We headed back to the Farm from here. and then took the house tour. The house was setup as a typical Amish house, and our guide was a young Amish guy named David. As he showed us around, he told us some of the same information as the driving tour, including the bit about the green shades. I asked him why the green shades? He looked surprised at the question, thought for a second and told me that he didn’t know. They just all did that here.
We got a rundown of Amish clothing, usually made at home by Mom, usually dark somber colors. Nice hats though. I like straw hats. No electric lights inside the house. Lots of windows, and propane camping laps converted with very nice shades and cabinets to hide the propane. Quite clever actually. Church services are done in the home, rotating weekly between the houses in the community. The clothes wash was done with an old, gas driven Maytag washer (with squeeze roller) usually kept in the basement or summer kitchen (like an enclosed porch). These washers date back to the late ‘50s, but there is a company locally that licensed the design and still makes them new, along with repair parts.
After the house tour we walked around the farm and Sasha was having a great time feeding every animal that she could. It wasn’t too hot out so it was nice to relax outside fro a while. Watching animals run about has a very Zen appeal to it. They had an example of a typical schoolhouse showing the layout (all grades in one room). They go t school up through eighth grade, and take no science. In Alabama or Mississippi I think this would get them a doctorate. We walked around a bit more and I ended up chatting for a bit with an older Amish woman. I thanked her for opening their community, and mentioned that we were visiting family in Philadelphia. She was really nice, and we ended up trading addresses. Now I have an Amish pen pal. (I will have to check the internet to see how stamps work, apparently you can write on paper, put it in a envelope, and some guy will carry it across the country so the name you write on the outside. How quaint)
We left the farm, and wanted to get some food before our second goal: taking a buggy ride. We checked the reviews of several local places, but every one we stopped into was a nasty super-buffet. I only assume the high reviews came from folks who had lost their taste bugs in a freak sword-swallowing accident. We drove back onto the main highway, and after a short while saw a chain Roadhouse style BBQ restaurant. We walked din, and every table had a bucket of peanuts on it.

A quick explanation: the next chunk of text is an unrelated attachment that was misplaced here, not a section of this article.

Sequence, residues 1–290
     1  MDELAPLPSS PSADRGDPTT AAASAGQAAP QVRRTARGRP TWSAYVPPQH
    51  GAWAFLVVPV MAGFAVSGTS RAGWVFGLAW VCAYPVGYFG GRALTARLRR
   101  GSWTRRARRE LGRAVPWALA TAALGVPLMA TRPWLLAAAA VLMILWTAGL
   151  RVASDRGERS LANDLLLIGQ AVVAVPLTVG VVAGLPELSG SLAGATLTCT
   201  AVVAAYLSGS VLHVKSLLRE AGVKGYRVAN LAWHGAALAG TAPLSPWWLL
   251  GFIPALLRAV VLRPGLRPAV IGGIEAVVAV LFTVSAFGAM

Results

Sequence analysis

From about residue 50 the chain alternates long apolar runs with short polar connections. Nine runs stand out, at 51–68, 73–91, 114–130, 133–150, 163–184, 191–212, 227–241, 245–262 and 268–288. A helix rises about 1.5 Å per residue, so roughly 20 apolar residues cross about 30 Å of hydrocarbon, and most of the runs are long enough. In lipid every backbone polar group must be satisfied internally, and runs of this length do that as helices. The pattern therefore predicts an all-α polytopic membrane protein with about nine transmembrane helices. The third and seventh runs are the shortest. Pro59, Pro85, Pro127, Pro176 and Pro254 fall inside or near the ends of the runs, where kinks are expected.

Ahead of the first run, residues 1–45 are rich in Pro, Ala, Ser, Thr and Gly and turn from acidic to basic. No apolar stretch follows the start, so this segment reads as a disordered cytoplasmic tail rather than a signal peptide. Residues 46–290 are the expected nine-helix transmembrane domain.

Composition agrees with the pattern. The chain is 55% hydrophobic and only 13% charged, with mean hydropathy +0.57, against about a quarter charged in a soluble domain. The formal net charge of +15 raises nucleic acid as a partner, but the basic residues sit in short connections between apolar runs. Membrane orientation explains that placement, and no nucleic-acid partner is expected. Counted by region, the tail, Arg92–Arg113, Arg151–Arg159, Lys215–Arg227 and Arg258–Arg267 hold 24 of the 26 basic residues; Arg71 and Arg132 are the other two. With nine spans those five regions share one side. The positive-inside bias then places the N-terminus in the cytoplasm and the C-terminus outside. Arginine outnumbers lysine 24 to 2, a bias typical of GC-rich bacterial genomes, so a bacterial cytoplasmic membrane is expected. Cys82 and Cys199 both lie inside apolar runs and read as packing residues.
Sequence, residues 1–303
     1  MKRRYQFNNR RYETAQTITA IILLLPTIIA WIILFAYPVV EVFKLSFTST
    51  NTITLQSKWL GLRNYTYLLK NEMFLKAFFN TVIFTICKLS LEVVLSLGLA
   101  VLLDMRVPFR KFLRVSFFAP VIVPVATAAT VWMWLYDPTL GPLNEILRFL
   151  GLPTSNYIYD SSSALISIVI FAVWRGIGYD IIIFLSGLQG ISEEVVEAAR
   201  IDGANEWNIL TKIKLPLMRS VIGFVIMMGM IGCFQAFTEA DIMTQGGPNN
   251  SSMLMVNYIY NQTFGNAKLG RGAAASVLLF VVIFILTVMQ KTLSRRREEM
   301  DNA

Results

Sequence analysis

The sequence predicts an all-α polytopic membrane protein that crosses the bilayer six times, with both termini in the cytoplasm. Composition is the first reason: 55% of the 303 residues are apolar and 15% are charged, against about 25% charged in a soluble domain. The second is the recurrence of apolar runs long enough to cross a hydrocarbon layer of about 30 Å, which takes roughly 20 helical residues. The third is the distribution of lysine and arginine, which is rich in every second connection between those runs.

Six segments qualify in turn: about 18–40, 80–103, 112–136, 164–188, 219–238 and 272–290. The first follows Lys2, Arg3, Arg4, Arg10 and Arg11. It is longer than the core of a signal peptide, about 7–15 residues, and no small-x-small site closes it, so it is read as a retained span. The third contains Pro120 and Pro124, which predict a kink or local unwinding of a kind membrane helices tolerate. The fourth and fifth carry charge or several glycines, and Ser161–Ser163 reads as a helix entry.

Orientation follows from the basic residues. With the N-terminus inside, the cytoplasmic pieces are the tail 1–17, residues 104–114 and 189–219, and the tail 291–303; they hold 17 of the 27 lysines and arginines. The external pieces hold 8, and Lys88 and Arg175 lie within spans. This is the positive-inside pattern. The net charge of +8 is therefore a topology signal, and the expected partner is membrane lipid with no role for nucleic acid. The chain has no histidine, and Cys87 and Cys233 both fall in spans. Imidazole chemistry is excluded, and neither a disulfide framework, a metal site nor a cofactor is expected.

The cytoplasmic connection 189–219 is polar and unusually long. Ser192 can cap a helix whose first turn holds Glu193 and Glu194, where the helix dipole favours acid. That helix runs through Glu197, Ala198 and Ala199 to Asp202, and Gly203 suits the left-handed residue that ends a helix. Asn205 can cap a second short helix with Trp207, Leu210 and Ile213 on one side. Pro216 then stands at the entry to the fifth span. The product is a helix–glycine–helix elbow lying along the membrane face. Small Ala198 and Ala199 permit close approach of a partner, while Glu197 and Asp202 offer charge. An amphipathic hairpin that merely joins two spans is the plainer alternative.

Perfect. Unlimited peanuts is the hallmark of quality.
We ended up ordering some good BBQ. and their drinks were good as well. I had the super-sized Margarita wit sidecar of more Tequila because vacation. For a chain place, it was great food. When the supply lines are short (out I farm country) everything tastes just a bit better. Yulia had some Atlantic Salmon, which unlike the Farmed Atlantic in Seattle, is wild and terrific. We ended up mentioning to our waitress that we were from Seattle (some roundabout salmon conversation), and she thought that was amazing. for most of the east coast Seattle is this far away, flannel-clad place. A land of magic and software. Our waitress was enchanted with us for the remainder of the evening, now we were the interesting ones, instead of the Amish.
We went back to Intercourse, and managed to catch the buggy ride place just before it closed. These guys weren’t Amish, but Mennonite (same core religion, but few technology restrictions.) We got the last ride of the day, which was a blast. Sasha got to drive the buggy on the smaller side roads, and our guide told us all about the Amish (our third time hearing this, we assumed that there would be a quiz later.) It was bumpy, but a lot of fun. He showed us how the buggies drove, the little electrical light system, and pointed out how many businesses in the area had buggy stalls for Amish customers (like a mini-barn). We chatted with the guy a bit when we were back, and helped him out unmounting the horse from the buggy, and rolling the buggy up into the barn. Sasha got to meet the other horses, and wash down our horse. The horse seemed pleased. It was a great time.
Back at the hotel, Sasha retired to her room, and Yulia and I sat on the deck off the hotel bar. It overlooked a golf course, with a fountain at the hole nearest us. We drank wine and watched the fireflies come out as the sun went down.